SHORPY Historic Photo Archive & Fine-Art Prints
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Member Photos

Photos submitted by Shorpy members.

Colorized Photos

Colorized photos submitted by members.

About the Photos

Our holdings include hundreds of glass and film negatives/transparencies that we've scanned ourselves; in addition, many other photos on this site were extracted from reference images (high-resolution tiffs) in the Library of Congress research archive. (To query the database click here.) They are adjusted, restored and reworked by your webmaster in accordance with his aesthetic sensibilities before being downsized and turned into the jpegs you see here. All of these images (including "derivative works") are protected by copyright laws of the United States and other jurisdictions and may not be sold, reproduced or otherwise used for commercial purposes without permission.

© 2018 SHORPY INC.

[REV 25-NOV-2014]

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Textbook Example: 1912

Textbook Example: 1912

Circa 1912. "New York Public Library building." With a variety of motorized conveyances. 8x10 glass negative, Detroit Publishing Co. View full size.

On Shorpy:
Today's Top 5

Library Lions

"Fortitude" on the left, north side; "Patience" on the right, south side.

Hold On To Your Hat

The building at the extreme left in this photo is still with us today. It was known as the Knox Hat Building, standing at 452 5th Avenue, it was built in 1902 as the headquarters of one of the Country's largest and most famous headgear manufacturers. A surrounding high rise glass tower was added when it was known as the Republic Bank Building. The major tenant and new owner is now another bank, HSBC.

Knox Hats

While so much has changed in the past 102 years, one survivor in addition to the library itself is the building at the extreme left. Built in 1902 in the Beaux-Arts style, and designed by the same architect as Grant's Tomb, it was the headquarters of the Knox Hat Company for many years (Knox also had a huge factory in Brooklyn)and is still known as the Knox Hat Building even though the company's long gone. HSBC Bank now uses it for offices and has an enormous highrise building crowding it on two sides.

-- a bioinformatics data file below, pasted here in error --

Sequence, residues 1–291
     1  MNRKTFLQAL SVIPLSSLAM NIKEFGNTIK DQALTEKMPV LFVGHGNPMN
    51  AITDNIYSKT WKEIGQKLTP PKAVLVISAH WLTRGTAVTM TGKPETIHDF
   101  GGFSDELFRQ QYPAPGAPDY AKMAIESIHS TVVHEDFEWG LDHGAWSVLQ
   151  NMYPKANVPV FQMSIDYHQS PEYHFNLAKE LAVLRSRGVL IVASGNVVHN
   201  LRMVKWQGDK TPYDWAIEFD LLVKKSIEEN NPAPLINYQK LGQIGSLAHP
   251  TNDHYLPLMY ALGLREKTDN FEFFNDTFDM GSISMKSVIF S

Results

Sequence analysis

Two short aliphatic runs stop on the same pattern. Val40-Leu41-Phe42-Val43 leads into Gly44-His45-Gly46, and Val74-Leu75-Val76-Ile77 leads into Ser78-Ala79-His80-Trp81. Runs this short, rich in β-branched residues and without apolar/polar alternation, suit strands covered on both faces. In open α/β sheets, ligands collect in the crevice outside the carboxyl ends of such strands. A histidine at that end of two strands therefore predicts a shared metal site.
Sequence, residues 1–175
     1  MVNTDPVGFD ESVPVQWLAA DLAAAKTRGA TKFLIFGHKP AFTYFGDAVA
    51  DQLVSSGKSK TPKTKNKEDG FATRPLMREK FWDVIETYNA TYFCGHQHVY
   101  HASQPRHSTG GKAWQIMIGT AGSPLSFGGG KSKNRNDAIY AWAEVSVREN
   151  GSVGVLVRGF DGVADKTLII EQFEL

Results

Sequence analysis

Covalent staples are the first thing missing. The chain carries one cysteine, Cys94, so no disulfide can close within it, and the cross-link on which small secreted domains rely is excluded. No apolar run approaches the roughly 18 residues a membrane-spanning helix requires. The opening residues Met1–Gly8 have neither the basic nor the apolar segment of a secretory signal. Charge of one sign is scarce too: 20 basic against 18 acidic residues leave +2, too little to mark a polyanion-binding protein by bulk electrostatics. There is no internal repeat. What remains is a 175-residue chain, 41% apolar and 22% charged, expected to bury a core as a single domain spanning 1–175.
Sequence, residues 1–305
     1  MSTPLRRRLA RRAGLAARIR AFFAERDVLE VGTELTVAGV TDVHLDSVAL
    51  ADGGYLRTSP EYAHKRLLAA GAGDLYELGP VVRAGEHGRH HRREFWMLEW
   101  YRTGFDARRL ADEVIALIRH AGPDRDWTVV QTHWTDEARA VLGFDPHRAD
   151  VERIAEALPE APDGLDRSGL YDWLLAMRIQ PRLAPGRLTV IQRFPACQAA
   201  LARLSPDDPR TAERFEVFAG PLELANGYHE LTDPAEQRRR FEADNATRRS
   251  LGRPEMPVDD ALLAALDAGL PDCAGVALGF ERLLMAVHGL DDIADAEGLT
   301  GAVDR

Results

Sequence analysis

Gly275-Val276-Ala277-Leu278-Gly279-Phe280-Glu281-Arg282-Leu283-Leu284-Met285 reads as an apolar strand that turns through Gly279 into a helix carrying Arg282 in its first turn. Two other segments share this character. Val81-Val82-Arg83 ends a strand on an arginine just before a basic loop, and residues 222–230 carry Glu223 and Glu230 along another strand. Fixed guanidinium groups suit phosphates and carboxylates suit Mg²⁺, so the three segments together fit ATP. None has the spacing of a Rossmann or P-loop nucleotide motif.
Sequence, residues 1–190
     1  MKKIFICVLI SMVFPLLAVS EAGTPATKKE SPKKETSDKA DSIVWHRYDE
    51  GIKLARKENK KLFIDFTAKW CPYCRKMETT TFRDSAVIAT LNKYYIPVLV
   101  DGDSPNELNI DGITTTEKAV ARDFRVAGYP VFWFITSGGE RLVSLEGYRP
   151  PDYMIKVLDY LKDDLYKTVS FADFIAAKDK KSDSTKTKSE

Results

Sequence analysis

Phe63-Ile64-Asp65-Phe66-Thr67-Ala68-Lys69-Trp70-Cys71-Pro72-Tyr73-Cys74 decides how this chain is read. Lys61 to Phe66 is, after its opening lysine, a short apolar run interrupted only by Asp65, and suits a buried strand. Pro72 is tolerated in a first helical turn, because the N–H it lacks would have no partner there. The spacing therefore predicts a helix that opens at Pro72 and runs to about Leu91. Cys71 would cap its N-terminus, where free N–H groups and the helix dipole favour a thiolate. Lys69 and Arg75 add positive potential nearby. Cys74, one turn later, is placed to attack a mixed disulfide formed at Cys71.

He kindly stopped for me

In the bottom right corner of the photo there is a wagon hurrying along. Is that a coffin in the back?

[Whooooo knows? -tterrace]

Libraries and carriages

I wonder if 100 years from now, whether Shorpy will display a similar photo that shows how libraries became as obsolete as horse-drawn carriages?

Will e-books have the same effect on these magnificent edifices as the internal combustion engine had on the carriages?

A Very Good Year

I'm always on the lookout for photos taken in 1912, because that's the year that my Mom was born. She's 102 years old, and still lives on her own and is sharp as a tack. When I see a photo like this, I try to imagine all of the things she has seen in her lifetime, and it helps me visualize the work into which she was born.

The New York Public Library has hardly changed a bit, except I did notice that the facade in the 1912 views must have been unfinished, for today, 6 statues grace the frieze on the colonnade, rather than the single one that was there then.

SHORPY HISTORICAL PHOTO ARCHIVE | History in HD is a vintage photo archive featuring thousands of high-definition images from the 1850s to 1960s. (Available as fine-art prints from the Shorpy Archive.) The site is named after Shorpy Higginbotham, a teenage coal miner who lived 100 years ago.

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